“Honey, we’re in this together, and we’ll find a way to be okay.” I said to him as I dropped him at the door, but as I drove away I prayed “God, I don’t know that we’re going to be okay. I really don’t.”

As I drove home I thought about all the things that have happened to us since 2010 and all the news that continues today that the economy is improving and that there are more jobs now and that standards of living are on the rise and I got a bit angry. Where are they getting their numbers from? More importantly, what age brackets and factions of society are they looking at when they do these surveys and studies?

The truth is as I look around my own community I see where these numbers just do not add up – 25 year-olds who were in the foster care system now forced into menial labor for less than a living wage just to survive; vets who cannot get proper medical care, proper housing assistance or any other kind of assistance forced to live in one-room motels just to keep a roof over their heads; and people like us, who’ve lost everything and seem to keep loosing ground no matter how hard they fight – over 50 but under retirement age, sick and unable to seek medical treatment.

The fact is that once you’ve hit poverty, it’s a steep and slippery climb back out and many do not make it Poverty in and of its self-poses a whole new set of problems that have little and everything to do with money. Without money, an unfortunate but necessary evil in today’s world, you cannot afford proper nutrition nor medical care. Without those two things, you soon begin to experience illness, which generates more debt due to doctor’s bills and missed days from work This, in turn, causes a decrease in funding for proper and well-maintained shelter, and the ability to set anything aside for a better future. It’s a never-ending cycle that needs to be broken, but how?

The necessity for cash for all things is where we lose it. The barter system does not work for certain necessities and if it does the goods exchanged or services exchanged are often not enough nor the right kind to aid where needed. Many things that are basic tenants of above-poverty level lifestyles cannot be bartered for – gas for vehicles to and from work, above sub-standard housing, good, nutritious and healthy food and medical care, and often, energy (gas, water and electrical) cannot be bartered for and in those instances where they can be traded in exchange for a live-work arrangement, the workload far outweighs the benefits provided.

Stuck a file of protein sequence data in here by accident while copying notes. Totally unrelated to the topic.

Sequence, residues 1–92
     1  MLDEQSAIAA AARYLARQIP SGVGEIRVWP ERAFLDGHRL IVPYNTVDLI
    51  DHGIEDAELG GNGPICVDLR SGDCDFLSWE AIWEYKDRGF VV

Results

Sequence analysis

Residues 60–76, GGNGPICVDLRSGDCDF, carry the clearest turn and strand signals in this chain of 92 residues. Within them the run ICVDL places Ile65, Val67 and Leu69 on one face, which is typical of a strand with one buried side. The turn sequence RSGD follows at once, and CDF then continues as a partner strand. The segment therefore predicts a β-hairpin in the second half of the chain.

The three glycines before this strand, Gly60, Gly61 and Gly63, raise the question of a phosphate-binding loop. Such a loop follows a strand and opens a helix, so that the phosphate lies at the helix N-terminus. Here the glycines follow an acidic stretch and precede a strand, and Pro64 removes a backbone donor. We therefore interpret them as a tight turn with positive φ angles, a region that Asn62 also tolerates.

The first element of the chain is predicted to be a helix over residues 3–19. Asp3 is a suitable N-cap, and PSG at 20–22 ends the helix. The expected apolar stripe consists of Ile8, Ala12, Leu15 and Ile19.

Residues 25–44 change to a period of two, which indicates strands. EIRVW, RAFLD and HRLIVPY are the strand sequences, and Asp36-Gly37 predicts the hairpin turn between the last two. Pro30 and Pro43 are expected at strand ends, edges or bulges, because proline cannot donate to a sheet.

We are making it our life’s mission, through the creation of Osiyo Eco Village Farms, to change this standard and provide real solutions for real-life problems.

Over the next few weeks, if we can maintain the hosting of this website, I will be publishing a series of articles that describe in better detail not only the challenges we are currently facing but also the benefits and solutions we hope to provide with Osiyo. I’ll also be looking at some other living, working models of the type of community we plan to build, as comparison studies.

The hosting of this website is $19.00 Per Month. If you would like to donate and help us grow, please use the button below.

Thank you,

Rob and Cher

Osiyo Eco Village Farms founders

Why an Eco Village?

When we first began dreaming about having our own farm, the idea of a village was far from our minds. “We can help people in our own way.” We thought.  As the years progressed, though, and we began to experience some seriously life-altering set-backs, we realized that our thinking was far too small to make any lasting, drastic impact on anyone’s lives, including our own.

When we say we want to build a sustainable eco-village, our idea of sustainability includes more than farming or living methods. Our ideal of sustainable living includes providing those things that all communities need in order to not only survive but to thrive and grow and be available for future generations.

All communities, whether urban or rural, need access to water, food, and resources. These resources are where the largest of our efforts in planning have been concentrated.

The portion of our society that we intend to serve first and foremost, is a portion that, unfortunately, is hard to service through conventional means. People with criminal backgrounds, drug histories and health issues who find it difficult at best to obtain gainful employment, housing or housing assistance and vital services such as healthcare, education, and vocational training. In many cases, these factions of society are relegated to menial labor positions at a barely-livable or below poverty wage. Eventually, they are either forced into housing communities.

A community that is either solely or largely reliant on outside resources for its basic needs – food, water, energy – the system, over time, begins to crumble. In the case of a disaster a non-self reliant community can be, and in certain cases has been, completely obliterated, forcing its inhabitants to either re-build with a better model or move on.

By creating a community that provides services to our surrounding communities, rather than relying on services and outside resources, we are planning for a future that can and will avoid these issues.